Mind your Ps and Qs
Be on your best behaviour; be careful of your language.
Ps and Qs are just the plurals of the letters P and Q. There is some disagreement amongst grammarians about how to spell Ps and Qs - either upper-case or lower-case and either with or without an apostrophe. You may see the phrase as 'mind your p's and q's' or 'mind your Ps and Qs' or 'mind your P's and Q's' or (less often) as 'mind your ps and qs'. I've opted for Ps and Qs.
Doubts also exist as to the original meaning. Francis Grose, in his 1785 edition of The Dictionary of the Vulgar Tongue, defines it like this:
"To mind one's P's and Q's; to be attentive to the main chance."
The date of the coinage of 'mind your Ps and Qs' is uncertain. There is a citation from Thomas Dekker's play, The Untrussing of the Humorous Poet, 1602, which appears to be the earliest use of the expression:
Afinius: ...here's your cloak; I think it rains too.
Horace: Hide my shoulders in't.
Afinius: 'Troth, so thou'dst need; for now thou art in thy Pee and Kue: thou hast such a villanous broad back...
'Pee and Kue' in that citation seem to be referring to a form of clothing, but that is somewhat ambiguous. It is also not clear that the 'Pee and Kue' in Dekker's work are the same as those in 'mind one's Ps and Qs'. Dekker later used the term in West-ward Hoe, a joint work with John Webster, 1607:
At her p. and q. neither Marchantes Daughter, Aldermans Wife, young countrey Gentlewoman, nor Courtiers Mistris, can match her.
In that piece it is less apparent that 'p. and q.' refer to a form of clothing.
So, both the spelling and meaning of the phrase are debatable. Now we come to what is really uncertain - the derivation. Nevertheless, it is one of those phrases that many people are sure they know the origin of. When such folk are pressed, what they usually mean is that the person they first heard explain the origin had made a random choice from the list of proposed derivations below. As no one knows the origin I'll just list the suggestions - 'mind your Ps and Qs' probably derives from one of these:
1. Mind your pints and quarts. This is suggested as deriving from the practice of chalking up a tally of drinks in English pubs (on the slate). Publicans had to make sure to mark up the quart drinks as distinct from the pint drinks. This explanation is widely repeated but there's little to support it, apart from the fact that pint and quart begin with P and Q.
2. Advice to printers' apprentices to avoid confusing the backward-facing metal type lowercase Ps and Qs, or the same advice to children who were learning to write. I've never heard any suggestion that anyone should 'mind their Ds and Bs' though, even though that makes just as much sense and has the added benefit of rhyming, which would have made it a more attractive slogan. Nevertheless, the fact that handmade paper was an expensive commodity and that the setting of type in early presses was very time consuming makes the printing story a strong candidate. The fact that type had to be set upside down and backwards made the need for a warning to be careful doubly appropriate.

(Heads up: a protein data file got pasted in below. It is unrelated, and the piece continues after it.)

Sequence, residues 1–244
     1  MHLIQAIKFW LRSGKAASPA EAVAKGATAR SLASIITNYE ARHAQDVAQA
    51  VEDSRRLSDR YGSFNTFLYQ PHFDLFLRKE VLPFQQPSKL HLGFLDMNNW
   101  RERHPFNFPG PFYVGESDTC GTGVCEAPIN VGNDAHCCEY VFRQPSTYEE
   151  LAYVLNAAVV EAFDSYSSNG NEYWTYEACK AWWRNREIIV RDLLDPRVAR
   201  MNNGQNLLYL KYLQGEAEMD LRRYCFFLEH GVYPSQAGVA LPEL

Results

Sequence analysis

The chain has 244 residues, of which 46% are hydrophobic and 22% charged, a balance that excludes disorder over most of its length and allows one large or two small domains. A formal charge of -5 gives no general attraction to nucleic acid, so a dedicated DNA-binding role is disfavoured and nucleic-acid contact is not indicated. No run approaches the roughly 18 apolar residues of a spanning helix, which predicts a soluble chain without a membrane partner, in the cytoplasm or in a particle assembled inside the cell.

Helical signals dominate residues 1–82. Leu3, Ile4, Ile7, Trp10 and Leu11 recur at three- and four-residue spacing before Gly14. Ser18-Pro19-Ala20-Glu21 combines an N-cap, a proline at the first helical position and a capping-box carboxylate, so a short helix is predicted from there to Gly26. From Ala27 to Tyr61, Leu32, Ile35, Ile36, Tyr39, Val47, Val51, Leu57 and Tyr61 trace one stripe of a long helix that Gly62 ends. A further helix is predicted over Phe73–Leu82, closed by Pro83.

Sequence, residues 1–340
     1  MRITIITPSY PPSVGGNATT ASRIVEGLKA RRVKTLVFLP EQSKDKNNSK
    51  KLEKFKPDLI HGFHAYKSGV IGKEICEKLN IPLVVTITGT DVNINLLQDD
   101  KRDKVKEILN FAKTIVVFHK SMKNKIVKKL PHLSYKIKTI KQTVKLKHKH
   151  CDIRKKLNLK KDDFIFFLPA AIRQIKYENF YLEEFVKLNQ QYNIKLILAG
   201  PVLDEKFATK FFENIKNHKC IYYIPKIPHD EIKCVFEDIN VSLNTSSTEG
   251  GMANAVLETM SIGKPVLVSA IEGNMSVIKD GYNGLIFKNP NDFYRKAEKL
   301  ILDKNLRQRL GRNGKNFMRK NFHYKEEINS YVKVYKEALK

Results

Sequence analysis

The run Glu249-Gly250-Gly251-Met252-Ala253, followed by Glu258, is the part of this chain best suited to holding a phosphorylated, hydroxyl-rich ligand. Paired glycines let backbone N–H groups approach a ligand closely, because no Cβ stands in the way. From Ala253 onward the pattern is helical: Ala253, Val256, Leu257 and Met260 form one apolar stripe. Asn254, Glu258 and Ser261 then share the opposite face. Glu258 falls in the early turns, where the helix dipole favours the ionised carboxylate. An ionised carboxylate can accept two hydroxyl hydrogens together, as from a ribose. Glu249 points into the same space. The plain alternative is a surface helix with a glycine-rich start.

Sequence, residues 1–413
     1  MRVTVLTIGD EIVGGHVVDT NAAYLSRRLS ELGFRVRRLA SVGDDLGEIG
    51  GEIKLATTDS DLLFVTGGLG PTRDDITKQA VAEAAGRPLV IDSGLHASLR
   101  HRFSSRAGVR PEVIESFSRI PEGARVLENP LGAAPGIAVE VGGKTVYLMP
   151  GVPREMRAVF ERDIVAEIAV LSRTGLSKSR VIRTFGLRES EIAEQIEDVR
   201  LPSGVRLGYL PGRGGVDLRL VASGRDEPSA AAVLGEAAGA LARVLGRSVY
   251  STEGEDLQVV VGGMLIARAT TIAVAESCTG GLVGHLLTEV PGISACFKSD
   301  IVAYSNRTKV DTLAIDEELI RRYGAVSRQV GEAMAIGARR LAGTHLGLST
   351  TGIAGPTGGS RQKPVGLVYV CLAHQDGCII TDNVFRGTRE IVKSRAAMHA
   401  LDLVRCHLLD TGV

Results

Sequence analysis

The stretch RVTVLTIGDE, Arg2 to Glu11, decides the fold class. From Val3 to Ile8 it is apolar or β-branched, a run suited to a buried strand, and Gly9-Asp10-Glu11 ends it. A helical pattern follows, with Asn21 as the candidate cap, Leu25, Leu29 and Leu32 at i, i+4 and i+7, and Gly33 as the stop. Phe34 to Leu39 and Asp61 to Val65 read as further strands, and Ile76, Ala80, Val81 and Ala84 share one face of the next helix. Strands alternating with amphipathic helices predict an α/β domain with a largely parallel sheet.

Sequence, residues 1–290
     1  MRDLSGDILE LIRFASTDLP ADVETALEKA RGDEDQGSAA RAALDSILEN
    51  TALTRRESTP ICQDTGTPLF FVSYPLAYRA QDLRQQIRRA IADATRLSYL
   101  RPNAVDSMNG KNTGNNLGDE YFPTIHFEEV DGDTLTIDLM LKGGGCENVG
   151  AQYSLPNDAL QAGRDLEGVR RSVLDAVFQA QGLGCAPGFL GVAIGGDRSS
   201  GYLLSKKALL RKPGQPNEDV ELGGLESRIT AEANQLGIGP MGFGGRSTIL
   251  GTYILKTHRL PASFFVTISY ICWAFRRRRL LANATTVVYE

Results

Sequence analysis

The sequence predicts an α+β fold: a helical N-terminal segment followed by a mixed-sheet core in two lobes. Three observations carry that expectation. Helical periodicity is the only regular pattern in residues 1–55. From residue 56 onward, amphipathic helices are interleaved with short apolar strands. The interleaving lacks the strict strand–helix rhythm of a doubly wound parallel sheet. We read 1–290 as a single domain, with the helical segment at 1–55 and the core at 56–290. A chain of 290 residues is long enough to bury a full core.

3. Mind your pea (jacket) and queue (wig). Pea jackets were short rough woollen overcoats, commonly worn by sailors in the 18th century. Perruques were full wigs worn by fashionable gentlemen. It is difficult to imagine the need for an expression to warn people to avoid confusing them.
'Pee', as a name for a man's coarse coat, is recorded as early as 1485, so it is possible that that is what Dekker was referring to in his 1602 citation. If so, that usage long predates all others and we have the definitive origin of 'pee and kue'. 'Kue' or 'cue' as the name of a man's wig isn't known until well after 1602 though, so it still isn't certain what Dekker meant by it.
4. Mind your pieds (feet) and queues (wigs). This is suggested to have been an instruction given by French dancing masters to their charges. This has the benefit of placing the perruque in the right context - as long as we accept the phrase as being originally French. However, there's no reason to suppose it is from France and no version of the phrase exists in French.
5. Another version of the 'advice to children' origin has it that 'Ps and Qs' derives from 'mind your pleases and thank-yous''. That is widely touted as an origin but seems to me to be a back-formation, that is, an explanation fitted to explain the phrase after it was coined in some other context. 'Pleases and thank-yous' doesn't appear to lead to 'Ps and Qs'.
So, pay nothing and take your choice. For what it's worth, my virtual two-pennyworth goes to 2b, that is, the advice to children who were learning to write.